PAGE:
We often hear that livestock farming is a major emitter of greenhouse gases (GHG). Which is true. In fact, agriculture is the second largest sector in terms of GHG emissions in France (23% of the national total1). Livestock farming is responsible for 68% of methane emissions, while soil cultivation is responsible for 80% of nitrous oxide emissions. Resilience regarding these emissions depends above all on greater autonomy of farms and lower consumption of meat products by the population.
How are the total emissions of the main greenhouse gases (GHG) emitted by livestock (methane, nitrous oxide and carbon dioxide) and exchanges within grassland ecosystems calculated?
Katja Klumpp. In France, the body responsible for these inventories is the Centre technique de référence en matière de pollution atmosphérique et de changement climatique (Citepa), which uses calculation methods recommended by the IPCC2. Thus, there are different methods with three levels of accuracy. We can use certain multipliers for each category of emitting sources, type of GHG and data related to the activities concerned.
The first level is excessively simple. For example, to find out the emission of methane (CH4) from livestock farming, we multiply the number of cows in France by the associated multiplier. Or to find out the emission of nitrous oxide (N2O) from livestock farming, we multiply the quantity of synthetic nitrogenous inputs spread by the multiplier coefficient (emission factors; bovine 52 kg CH4/head/year) associated with this gas. The calculation is simple, but with the different variations present on the farms, the result will be subject to large margins of error.
In the second level of complexity, more information will be added: cow metrics (intake, energy requirement, weight), cow category (dairy, calf, bull, etc.), location (continent), etc. Finally, the third level of complexity takes into account parameters such as feed quality, rumen function in a mechanistic model, etc. We can therefore see that to be accurate, we need to have a lot of source data from the farms at our disposal. In our work as researchers, we then have the possibility of refining and improving the measurements and calculation methods at local farms, which we then pass on to national or international organisations so that they can integrate them into their calculation methods.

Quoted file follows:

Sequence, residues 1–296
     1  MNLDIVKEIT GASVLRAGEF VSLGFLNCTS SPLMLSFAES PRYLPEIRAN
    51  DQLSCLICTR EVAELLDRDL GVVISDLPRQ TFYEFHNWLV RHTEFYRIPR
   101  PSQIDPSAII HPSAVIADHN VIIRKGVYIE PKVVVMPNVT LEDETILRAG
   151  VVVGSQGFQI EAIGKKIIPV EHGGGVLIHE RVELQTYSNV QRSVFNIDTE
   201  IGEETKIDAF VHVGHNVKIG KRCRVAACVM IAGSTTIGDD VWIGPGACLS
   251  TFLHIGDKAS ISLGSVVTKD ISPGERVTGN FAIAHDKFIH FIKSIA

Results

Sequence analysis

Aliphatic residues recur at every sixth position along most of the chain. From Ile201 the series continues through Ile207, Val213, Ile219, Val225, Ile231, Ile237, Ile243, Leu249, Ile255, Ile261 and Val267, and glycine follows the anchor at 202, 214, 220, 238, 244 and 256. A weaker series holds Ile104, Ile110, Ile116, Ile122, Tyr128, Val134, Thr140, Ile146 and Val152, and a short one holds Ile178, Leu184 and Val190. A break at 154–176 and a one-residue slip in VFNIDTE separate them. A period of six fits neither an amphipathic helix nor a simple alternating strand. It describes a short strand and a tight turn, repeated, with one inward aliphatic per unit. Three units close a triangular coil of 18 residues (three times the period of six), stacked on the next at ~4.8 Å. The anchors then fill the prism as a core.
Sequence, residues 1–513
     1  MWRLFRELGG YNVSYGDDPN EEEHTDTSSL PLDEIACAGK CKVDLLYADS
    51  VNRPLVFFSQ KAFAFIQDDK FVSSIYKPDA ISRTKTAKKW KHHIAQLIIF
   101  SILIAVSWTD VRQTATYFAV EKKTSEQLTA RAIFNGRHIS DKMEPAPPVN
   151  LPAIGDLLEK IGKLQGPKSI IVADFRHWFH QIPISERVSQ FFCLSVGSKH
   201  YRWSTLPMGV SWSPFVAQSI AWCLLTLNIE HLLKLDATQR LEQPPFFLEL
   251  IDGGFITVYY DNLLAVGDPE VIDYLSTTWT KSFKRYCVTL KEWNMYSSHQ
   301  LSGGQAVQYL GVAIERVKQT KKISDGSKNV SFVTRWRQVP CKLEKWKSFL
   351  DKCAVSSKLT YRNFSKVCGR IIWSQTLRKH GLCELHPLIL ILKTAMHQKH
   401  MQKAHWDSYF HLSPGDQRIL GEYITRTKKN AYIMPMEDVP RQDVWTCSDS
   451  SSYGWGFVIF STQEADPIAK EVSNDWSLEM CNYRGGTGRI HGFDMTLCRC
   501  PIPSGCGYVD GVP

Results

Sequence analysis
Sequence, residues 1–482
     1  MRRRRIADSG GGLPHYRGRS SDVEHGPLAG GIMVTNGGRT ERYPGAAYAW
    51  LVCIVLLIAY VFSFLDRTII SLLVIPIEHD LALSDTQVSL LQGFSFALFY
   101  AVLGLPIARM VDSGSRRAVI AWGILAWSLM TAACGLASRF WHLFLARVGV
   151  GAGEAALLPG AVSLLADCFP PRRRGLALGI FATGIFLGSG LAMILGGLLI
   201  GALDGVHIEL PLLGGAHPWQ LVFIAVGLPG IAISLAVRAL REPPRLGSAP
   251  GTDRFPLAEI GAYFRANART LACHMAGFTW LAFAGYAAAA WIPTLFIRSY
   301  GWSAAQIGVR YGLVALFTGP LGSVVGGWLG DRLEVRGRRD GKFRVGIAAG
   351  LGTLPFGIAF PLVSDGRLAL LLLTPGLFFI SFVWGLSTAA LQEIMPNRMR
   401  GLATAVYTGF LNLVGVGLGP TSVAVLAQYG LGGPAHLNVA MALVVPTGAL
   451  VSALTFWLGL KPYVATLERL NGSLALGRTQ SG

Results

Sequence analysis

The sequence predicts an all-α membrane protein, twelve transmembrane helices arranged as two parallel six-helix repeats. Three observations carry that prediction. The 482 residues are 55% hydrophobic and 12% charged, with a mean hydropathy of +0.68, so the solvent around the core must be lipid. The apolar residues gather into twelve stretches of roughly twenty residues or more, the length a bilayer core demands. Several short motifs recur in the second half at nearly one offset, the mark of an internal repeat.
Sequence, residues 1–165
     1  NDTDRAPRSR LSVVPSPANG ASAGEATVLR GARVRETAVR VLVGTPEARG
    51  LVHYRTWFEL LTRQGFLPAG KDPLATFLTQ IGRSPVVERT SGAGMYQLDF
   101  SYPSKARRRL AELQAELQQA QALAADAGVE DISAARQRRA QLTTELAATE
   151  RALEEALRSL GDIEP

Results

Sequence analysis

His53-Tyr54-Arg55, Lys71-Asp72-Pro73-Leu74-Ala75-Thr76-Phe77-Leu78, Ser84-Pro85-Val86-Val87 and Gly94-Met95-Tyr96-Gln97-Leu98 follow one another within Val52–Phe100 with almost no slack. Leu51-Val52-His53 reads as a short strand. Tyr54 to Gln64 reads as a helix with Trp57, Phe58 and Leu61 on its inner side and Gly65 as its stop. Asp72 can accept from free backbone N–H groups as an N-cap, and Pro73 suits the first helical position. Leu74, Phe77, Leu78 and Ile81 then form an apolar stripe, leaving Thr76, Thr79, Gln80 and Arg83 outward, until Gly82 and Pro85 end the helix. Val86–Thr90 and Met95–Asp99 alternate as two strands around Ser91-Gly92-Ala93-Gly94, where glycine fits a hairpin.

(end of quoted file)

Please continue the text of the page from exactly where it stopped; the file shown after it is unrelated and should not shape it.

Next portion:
The albedo effect
The albedo effect is particularly in the spotlight at the moment. To explain it briefly, the albedo is the proportion of solar radiation reflected from a surface into the atmosphere. Depending on the “colour” (and texture) of the surface in question, more or less radiation is reflected. Basically, when light is reflected, it is not converted into heat and therefore helps to reduce global warming. Maximising the albedo effect therefore means favouring surfaces that reflect light rather than surfaces that absorb it and convert it into heat. The problem here too is that you have to find the right compromise locally. For example, a permanent grassland with a more species-rich cover tends to be darker than a temporary grassland with ryegrass-clover. Similarly for soil colour, light soils strongly increase the albedo and contribute to a lower terrestrial temperature. Conversely, on dark soils, the introduction of intermediate crops increases the albedo. Nevertheless, we have seen that grassland soils have a greater capacity store carbon than crop soils. The important thing to remember is that there is no single solution for livestock farming in the face of global warming and that having several solutions will always be beneficial to be more resilient.